Orders of Magnitude and the Human Cost of Illicit Financial Flows
By Raymond Baker, November 25, 2014
By Any Measure, Illicit Financial Flows Pose a Devastating Challenge to Developing Countries and Human Lives
Thomas Pogge—Professor of Philosophy and International Affairs at Yale University, Director of the Global Justice Program, President of Academics Stand Against Poverty (ASAP), and member of the Board of Directors of Global Financial Integrity (GFI)—has estimated that 18 million people die each year of economic deprivation and causes stemming therefrom. His calculation is based in good part upon estimating the number of people dying from preventable diseases.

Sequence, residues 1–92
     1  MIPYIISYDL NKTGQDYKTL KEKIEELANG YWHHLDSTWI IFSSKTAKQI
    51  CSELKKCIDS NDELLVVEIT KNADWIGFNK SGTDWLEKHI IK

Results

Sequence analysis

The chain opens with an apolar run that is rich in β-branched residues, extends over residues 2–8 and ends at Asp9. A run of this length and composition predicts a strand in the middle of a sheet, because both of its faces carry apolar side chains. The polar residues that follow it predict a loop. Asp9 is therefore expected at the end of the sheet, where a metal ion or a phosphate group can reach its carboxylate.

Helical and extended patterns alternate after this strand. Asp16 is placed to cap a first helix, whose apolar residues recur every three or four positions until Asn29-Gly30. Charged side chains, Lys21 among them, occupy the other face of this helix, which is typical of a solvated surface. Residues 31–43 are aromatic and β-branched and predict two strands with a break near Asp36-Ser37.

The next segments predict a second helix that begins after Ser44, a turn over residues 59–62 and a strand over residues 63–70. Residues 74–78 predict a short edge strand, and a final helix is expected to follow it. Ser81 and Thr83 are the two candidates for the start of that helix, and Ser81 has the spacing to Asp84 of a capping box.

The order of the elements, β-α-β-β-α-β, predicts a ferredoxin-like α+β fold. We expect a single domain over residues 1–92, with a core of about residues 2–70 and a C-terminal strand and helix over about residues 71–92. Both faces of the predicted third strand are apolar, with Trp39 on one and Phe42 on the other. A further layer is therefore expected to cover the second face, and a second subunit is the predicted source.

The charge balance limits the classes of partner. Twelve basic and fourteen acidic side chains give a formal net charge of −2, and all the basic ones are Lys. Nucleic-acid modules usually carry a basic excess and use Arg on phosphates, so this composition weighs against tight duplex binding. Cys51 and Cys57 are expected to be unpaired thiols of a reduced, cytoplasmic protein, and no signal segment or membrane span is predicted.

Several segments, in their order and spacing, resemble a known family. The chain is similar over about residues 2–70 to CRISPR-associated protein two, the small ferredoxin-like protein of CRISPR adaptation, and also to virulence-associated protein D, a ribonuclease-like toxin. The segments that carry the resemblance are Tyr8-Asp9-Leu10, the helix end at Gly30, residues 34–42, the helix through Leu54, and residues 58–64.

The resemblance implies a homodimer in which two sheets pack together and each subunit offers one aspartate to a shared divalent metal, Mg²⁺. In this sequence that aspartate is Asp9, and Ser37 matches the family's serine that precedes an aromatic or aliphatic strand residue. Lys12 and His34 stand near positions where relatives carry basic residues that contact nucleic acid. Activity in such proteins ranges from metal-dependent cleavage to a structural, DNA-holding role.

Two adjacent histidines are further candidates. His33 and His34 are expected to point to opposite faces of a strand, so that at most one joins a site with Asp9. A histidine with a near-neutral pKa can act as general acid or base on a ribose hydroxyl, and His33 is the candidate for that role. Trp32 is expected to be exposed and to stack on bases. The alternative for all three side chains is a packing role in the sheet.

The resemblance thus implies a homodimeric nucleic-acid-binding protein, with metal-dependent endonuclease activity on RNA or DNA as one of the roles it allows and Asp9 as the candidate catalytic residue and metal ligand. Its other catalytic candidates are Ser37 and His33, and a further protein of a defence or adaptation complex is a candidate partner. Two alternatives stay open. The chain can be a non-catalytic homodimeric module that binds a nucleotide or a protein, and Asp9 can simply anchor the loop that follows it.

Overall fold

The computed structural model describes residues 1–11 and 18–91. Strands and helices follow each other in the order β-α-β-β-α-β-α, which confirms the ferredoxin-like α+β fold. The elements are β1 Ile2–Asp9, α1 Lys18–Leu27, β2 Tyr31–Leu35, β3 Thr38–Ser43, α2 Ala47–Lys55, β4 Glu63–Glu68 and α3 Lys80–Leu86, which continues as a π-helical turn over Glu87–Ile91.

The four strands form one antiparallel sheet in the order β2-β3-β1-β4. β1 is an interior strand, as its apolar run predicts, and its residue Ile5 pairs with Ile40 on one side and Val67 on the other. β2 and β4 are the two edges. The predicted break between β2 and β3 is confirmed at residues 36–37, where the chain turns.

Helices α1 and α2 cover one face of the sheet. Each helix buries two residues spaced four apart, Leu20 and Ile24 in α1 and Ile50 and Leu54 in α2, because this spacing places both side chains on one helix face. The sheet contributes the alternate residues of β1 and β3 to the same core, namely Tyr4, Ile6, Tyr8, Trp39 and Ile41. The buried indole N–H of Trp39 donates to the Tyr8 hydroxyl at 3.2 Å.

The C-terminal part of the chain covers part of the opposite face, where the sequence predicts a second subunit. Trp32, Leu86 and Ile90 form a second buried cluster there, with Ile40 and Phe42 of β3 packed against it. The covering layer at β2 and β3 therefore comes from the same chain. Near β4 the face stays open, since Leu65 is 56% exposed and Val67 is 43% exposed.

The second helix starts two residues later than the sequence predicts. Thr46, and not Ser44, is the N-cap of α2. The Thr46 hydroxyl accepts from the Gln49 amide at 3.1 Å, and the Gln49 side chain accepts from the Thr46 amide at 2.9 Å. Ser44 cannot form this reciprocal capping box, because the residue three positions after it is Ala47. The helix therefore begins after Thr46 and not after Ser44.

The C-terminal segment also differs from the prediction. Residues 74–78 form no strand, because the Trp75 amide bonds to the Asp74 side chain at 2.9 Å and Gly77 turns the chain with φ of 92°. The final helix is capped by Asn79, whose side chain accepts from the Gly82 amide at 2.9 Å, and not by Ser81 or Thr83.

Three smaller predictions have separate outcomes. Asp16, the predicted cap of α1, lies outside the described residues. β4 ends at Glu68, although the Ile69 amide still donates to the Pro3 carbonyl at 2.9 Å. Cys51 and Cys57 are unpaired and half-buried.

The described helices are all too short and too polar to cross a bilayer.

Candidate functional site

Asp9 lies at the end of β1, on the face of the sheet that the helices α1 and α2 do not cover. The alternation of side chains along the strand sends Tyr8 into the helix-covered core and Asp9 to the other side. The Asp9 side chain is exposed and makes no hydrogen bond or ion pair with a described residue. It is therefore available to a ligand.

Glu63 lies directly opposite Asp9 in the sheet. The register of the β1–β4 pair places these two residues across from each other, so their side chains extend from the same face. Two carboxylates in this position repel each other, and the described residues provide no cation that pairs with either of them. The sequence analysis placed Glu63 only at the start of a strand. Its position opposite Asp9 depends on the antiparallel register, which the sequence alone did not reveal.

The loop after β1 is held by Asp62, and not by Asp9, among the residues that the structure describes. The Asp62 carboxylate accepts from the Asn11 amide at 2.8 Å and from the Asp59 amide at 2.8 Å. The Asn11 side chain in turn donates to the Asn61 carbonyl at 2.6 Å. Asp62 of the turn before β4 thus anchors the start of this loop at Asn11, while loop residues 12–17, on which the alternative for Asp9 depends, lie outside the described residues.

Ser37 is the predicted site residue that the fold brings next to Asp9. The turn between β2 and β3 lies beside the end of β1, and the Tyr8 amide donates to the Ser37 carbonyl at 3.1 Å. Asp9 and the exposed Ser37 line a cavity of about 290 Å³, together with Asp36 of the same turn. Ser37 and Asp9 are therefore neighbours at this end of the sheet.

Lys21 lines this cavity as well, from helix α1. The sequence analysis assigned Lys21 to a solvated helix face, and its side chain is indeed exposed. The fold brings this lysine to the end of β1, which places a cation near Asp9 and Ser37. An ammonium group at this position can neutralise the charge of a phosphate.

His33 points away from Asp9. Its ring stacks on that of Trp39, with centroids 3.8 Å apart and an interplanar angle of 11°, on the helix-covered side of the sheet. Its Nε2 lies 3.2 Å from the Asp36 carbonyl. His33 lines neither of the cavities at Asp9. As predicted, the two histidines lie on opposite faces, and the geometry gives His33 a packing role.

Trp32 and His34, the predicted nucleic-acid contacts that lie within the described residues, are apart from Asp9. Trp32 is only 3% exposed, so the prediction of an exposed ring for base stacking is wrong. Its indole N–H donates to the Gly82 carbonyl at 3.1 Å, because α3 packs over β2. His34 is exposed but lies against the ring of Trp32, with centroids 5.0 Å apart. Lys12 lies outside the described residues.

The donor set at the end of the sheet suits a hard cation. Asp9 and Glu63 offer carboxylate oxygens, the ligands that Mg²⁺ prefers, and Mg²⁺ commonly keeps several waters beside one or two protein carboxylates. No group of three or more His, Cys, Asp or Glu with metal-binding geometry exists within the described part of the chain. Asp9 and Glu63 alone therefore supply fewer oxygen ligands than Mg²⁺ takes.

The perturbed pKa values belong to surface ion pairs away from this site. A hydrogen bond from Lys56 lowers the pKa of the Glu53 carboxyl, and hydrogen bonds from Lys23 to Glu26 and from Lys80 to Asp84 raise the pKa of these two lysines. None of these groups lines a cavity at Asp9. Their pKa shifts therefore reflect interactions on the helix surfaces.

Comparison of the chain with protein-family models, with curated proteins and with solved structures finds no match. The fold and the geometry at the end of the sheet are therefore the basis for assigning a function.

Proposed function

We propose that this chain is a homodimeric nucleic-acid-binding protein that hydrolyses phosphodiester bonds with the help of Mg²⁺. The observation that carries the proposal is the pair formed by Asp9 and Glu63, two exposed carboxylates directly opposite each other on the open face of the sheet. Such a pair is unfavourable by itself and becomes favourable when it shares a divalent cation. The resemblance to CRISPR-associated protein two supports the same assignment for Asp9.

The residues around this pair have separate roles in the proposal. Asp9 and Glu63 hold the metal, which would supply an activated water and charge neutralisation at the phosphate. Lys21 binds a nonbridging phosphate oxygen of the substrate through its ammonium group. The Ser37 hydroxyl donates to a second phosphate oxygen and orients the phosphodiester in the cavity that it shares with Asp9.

GFI estimates that US$1 trillion a year of illicit financial flows drains from developing countries into western accounts. Our estimate is based on balance of payments and balance of trade data filed by governments with the International Monetary Fund (IMF), the same data that is used by millions of people every day in making decisions about investments, loans, interest rates, exchange rates, and more. We believe that our data is very conservative because it does not include major components of illicit outflows, which do not show up in official statistics.
18 million people dying a year is around 50,000 people a day. US$1 trillion a year is roughly US$3 billion a day.
On this day, how many of the 50,000 people will live, if the US$3 billion stays home?